Maybe most thrilling songs ever composed is Gustav Mahler’s cycle of five mourning songs about death of the infants – Kindertotenlieder. Texts for all five songs composer choose from ample collection of 428 poems written by German romantic poet, Friedrich Rückert. In 1833 and 1934 he wrote numerous poems about illness and death of his children. These poems were part of private grieving, perhaps even a kind of self-therapy, and the author did not intend to publish them. Rückert was professor of oriental languages at The University of Erlangen and in Berlin, master of thirty languages and outstanding translator of essential poetic, wisdom and religious works of Middle and Far East, especially literary documents of ancient civilizations. German culture owes him Indian legends and tales, arabic makamas and folksongs. Inter alia Rückert made translations of Koran and Wisdom of Bramins in six volumes. He was also the author of inspiring poems many composers used for their song cycles.
Mahler composed the cycle Kindertotenlieder in first four years of the century. It was most dramatic part of Mahler’s Vienna period – last year of his directorship in Vienna Philharmonic and increasing hostility against him after resignation. New cycle was premiered January 29, 1905 with Friedrich Weidemann as soloist and orchestra conducted by the composer. Four years after he composed these songs, Mahler’s daughter Maria died to scarlet fever. Later Mahler wrote, he was placing himself in situation of father mourning his children, but after such traumatic experience he wouldn’t be able to compose these songs.
There are many good renditions of Mahler’s Kindertotenlieder cycle. Considered as absolutely classic recording is the one featuring Kathleen Ferrier with Wienner Philharmoniker under the baton of Bruno Walter recorded in 1949. And it is the reference recording for many later performances. Among highly interesting interpretations of the cycle is that which has been published by Hungaroton in 1980 (SLPX 12044). Hungarian mezzosoprano Klára Takács did a wonderful job here. While maintaining the lyrical mood, she discreetly grades tension leading the listener to a climax and pervasive sense of loss. Singer's voice sounds great, is deep and saturated, but still transparent, fully interacting with the orchestra. The same with instrumental layer of the work which was never limited to accompany the soloist, but together with her vibrant voice is building multi-dimensional space of the work. Budapest Symphony Orchestra conducted by György Lehel gave here excellent performance, one of the whole series published by Hungaroton Records in the eighties.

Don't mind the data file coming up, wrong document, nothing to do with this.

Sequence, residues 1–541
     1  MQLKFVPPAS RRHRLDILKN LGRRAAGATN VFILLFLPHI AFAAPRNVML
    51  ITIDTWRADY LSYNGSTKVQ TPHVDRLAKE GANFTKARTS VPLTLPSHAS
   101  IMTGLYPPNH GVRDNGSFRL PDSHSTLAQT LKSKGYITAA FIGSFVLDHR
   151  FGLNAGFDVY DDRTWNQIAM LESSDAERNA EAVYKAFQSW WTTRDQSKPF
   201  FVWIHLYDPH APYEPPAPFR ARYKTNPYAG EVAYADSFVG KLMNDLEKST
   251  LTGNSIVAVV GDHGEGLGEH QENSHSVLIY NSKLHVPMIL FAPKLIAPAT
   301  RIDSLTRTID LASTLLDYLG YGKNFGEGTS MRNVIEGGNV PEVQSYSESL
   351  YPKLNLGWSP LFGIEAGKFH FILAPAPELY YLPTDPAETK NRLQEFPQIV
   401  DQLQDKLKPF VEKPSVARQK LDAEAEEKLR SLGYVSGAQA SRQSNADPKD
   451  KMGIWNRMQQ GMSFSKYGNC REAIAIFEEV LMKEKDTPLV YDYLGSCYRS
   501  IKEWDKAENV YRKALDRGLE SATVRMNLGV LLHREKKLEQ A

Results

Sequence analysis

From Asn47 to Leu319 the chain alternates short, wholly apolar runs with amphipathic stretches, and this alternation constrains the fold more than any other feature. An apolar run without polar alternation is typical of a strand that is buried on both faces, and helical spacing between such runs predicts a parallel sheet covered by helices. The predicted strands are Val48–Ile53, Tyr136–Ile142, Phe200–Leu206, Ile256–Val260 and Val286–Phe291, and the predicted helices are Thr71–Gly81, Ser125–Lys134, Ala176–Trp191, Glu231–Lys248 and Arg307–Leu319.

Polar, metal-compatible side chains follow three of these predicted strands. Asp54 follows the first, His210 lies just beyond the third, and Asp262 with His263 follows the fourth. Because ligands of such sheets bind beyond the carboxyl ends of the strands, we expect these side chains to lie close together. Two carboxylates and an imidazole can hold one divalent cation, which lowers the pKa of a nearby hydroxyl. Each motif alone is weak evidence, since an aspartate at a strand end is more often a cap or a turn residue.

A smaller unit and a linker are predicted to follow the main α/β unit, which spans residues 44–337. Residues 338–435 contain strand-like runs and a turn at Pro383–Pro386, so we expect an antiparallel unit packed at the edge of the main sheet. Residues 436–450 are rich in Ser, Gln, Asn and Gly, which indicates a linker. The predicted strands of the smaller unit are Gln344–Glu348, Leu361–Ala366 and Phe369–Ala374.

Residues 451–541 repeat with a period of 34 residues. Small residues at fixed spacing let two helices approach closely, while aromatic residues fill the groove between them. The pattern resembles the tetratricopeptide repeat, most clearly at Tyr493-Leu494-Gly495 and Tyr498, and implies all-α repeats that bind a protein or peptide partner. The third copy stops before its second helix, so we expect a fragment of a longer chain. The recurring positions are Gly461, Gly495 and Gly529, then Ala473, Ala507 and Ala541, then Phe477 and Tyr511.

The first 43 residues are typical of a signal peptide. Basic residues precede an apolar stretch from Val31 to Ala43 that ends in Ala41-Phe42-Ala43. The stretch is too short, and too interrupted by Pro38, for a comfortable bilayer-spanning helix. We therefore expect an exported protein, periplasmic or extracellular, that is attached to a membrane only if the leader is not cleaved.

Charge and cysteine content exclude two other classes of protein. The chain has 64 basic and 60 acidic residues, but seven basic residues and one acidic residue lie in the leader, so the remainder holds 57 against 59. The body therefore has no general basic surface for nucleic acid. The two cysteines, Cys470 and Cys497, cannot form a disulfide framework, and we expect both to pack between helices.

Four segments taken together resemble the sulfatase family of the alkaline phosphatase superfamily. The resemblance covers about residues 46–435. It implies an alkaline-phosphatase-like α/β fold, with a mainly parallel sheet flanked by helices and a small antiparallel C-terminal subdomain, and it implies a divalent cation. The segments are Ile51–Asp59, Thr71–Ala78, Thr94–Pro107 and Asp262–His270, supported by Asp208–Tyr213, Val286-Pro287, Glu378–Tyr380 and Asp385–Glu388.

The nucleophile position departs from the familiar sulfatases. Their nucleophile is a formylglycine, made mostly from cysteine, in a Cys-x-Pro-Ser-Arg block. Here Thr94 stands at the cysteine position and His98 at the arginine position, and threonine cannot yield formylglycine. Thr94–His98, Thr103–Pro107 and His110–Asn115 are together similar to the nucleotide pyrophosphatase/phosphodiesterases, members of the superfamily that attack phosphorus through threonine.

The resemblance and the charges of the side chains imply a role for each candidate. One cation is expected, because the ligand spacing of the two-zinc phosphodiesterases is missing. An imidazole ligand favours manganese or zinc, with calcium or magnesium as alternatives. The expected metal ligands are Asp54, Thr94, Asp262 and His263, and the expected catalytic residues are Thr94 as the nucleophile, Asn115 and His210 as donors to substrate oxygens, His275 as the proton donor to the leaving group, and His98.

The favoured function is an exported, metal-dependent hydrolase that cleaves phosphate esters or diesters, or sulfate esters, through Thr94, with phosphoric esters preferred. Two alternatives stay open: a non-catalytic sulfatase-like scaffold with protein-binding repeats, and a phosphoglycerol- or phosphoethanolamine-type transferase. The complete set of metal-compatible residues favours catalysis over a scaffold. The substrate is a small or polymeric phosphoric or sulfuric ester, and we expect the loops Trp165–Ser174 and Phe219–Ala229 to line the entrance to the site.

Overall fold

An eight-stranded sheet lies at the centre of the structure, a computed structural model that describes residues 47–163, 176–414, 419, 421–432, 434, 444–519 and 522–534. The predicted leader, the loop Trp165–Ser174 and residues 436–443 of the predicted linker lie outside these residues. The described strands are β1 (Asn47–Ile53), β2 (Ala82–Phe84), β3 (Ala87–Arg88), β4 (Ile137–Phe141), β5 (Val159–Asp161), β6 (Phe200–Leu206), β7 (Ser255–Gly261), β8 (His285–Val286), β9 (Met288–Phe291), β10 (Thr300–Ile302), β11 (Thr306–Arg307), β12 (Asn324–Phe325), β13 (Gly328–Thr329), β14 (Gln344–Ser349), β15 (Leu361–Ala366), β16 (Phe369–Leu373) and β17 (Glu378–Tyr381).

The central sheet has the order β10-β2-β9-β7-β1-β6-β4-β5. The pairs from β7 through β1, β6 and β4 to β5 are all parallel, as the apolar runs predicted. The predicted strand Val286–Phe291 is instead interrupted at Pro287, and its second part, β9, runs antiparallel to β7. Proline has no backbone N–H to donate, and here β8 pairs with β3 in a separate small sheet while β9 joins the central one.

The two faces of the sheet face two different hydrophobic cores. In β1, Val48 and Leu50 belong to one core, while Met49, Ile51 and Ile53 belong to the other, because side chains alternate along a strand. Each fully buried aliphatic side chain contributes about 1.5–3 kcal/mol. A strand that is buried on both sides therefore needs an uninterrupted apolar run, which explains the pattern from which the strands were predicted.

On the B-side of the album publisher placed other great Mahler’s cycle – Lieder eines fahrenden Gesellen (Songs of a Travelling Journeyman) with baritone Sándor Sólyom Nagy and with the same orchestra and conductor. Soloist was one of distinctive European vocalists known in the eighties as an expert of late romantic repertoire. He was also known from performances in Wagner’s operas. This cycle was finished in 1885 and is way easier to interpret than composed twenty years later Kindertotenlieder. Travelling journeyman (or in less precise, traditional translation, Wayfarer) is author’s porte-parole who was under impression of unhappy love affair. Poetic texts were written by composer but the idea of first song was taken from Des Knaben Wunderhorn collection. There are also some thematic links between this cycle and First Symphony. The Nagy’s interpretation is very traditional and emotional in conception and execution. And he has proved he had the whole talent he needed for interpreting in such way the most popular Maler’s songs.